Ear pain is a frequent childhood complaint. Ear pain is not a medical emergency. If your child complains of ear pain after your doctor’s office is closed for the day, focus on their comfort and pain control and call the office during normal business hours. Your child may need to be seen by his/her doctor in order to discover the cause of the pain, and the diagnosis is most often not one that can be made over the phone. Tips for getting through the night can be found at the end of this section.
Why do children get ear pain?
If the ear canal is irritated or blocked this will cause ear pain. Anything that puts pressure on the eardrum will also cause pain or discomfort. Occasionally pain in the ear is actually referred pain from somewhere else – most commonly the mouth/teeth.
Common causes of Ear Pain:
Swimmer’s Ear (Outer Ear Infection/Otitis Externa)
This is caused by irritation from moisture/water contact. Symptoms include ear pain (often with a history of swimming recently, hence the name), sometimes swelling and itching, and occasionally drainage of pus from the ear. To prevent swimmer’s ear avoid the use of q-tips which often scratch and irritate the ear canal, dry the ears as thoroughly as possible after immersion in water, and use swimmer’s ear drops after swimming to help evaporate any water lodged in the canal. If you suspect your child has swimmer’s ear, call your pediatrician during normal business hours to schedule an appointment. If your child has otitis externa s/he will likely be given antibiotic eardrops and instructions to stay out of the water for 7-10 days.
Middle Ear Infection (Acute Otitis Media)
Causes: When fluid, for any reason, pools behind the eardrum for a period of time it creates an ideal environment for an infection to grow. The fluid puts pressure on the eardrum and this pressure causes pain. The cause of the initial fluid collection is usually allergies or a virus. Contact with water has no effect on a middle ear infection. Children are more prone to middle ear infections than adults because they get colds more often and the drainage from their ears, because of their anatomy, is less efficient.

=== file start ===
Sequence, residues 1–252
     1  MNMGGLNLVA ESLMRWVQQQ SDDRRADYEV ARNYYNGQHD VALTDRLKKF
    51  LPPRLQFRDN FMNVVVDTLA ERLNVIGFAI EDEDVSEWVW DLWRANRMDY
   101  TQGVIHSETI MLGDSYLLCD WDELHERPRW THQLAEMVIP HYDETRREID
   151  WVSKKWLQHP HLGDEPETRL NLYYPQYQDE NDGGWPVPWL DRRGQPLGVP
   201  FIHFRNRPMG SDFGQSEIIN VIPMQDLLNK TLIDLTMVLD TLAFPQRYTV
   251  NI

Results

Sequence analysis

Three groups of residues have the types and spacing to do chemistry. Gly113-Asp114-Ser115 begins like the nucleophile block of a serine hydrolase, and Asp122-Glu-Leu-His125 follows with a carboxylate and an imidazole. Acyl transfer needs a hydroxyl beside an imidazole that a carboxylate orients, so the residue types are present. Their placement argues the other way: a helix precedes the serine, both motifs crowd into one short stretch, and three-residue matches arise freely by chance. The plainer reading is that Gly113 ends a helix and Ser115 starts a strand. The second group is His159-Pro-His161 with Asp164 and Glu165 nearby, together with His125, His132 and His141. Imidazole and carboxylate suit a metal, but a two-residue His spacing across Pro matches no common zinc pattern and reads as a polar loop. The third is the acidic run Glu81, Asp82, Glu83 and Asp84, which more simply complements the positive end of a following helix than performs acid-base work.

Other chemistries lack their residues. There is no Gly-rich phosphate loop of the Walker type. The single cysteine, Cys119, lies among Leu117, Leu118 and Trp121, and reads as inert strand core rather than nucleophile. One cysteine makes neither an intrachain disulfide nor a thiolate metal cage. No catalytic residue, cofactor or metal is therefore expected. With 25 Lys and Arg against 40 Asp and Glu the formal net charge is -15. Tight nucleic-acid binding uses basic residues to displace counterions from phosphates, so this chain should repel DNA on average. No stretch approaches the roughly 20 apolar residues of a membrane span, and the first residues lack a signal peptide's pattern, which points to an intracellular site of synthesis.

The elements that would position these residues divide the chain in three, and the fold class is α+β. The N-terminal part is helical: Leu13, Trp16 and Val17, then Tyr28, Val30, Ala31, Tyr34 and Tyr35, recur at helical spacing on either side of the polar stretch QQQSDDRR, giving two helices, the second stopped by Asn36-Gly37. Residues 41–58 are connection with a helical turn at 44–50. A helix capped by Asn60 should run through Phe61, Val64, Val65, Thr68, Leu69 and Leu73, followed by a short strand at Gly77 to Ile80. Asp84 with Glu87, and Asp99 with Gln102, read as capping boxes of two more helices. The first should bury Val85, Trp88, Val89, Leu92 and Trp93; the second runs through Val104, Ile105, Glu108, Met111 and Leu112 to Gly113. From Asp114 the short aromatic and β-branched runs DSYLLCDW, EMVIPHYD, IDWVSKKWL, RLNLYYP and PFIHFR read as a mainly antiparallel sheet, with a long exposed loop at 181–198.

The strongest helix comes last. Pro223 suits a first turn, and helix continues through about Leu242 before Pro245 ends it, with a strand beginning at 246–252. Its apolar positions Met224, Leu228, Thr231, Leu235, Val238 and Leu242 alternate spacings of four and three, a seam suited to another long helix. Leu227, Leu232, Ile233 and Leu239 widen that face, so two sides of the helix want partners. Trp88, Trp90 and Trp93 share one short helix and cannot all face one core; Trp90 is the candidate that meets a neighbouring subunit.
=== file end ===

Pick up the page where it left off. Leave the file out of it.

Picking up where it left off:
Signs and symptoms If your child has had cough and congestion, and after a few days develops a fever, difficulty sleeping or feeding, becomes fussy, or, in older children, complains of ear pain, then an ear infection should be considered. If your child has pus or fluid draining, occasionally blood tinged, from his/her ear do not put any drops in the ear. The drainage is not a cause for concern and in the case of a middle ear infection you should notice your child’s pain relieved somewhat by the drainage. You can call your doctor during regular office hours.
What should you do? Follow the guidelines below to control your child’s pain, and call your doctor’s office during normal office hours.
Treatment If your child is over the age of two and his/her pain can be controlled your pediatrician might recommend you wait a few days before being seen. If your child is less than two years old it is likely your pediatrician would want to have you seen within a couple of days. This is because in a child less than two years of age it is more likely that an ear infection is bacterial and so will be treated with both pain control measures and antibiotics. In children over the age of two the likelihood of the infection resolving without antibiotics is greater than 75%. Because of this your pediatrician might recommend pain control alone, with a re-check or a prescription for antibiotics only if the pain is not controlled, or if your child still requires pain control after 3-5 days.
Contagiousness Ear Infections are not contagious. The colds that precede them pass from person to person, but each child’s body will handle the cold, and the fluid that follows, in a different way.
- Vaccinate. The two most common bacterial causes of ear infections (and of pneumonia and meningitis) are Haemophilus and Pneumococcus. Vaccinated children (Hib and Prevnar vaccines) are protected against developing both types of meningitis and pneumonia, and as a bonus also do not develop as many bacterial ear infections.
- Avoid exposure to cigarette smoke.
- Feed your baby in an upright position. Lying down in the crib with a bottle of milk increases frequency of ear infections.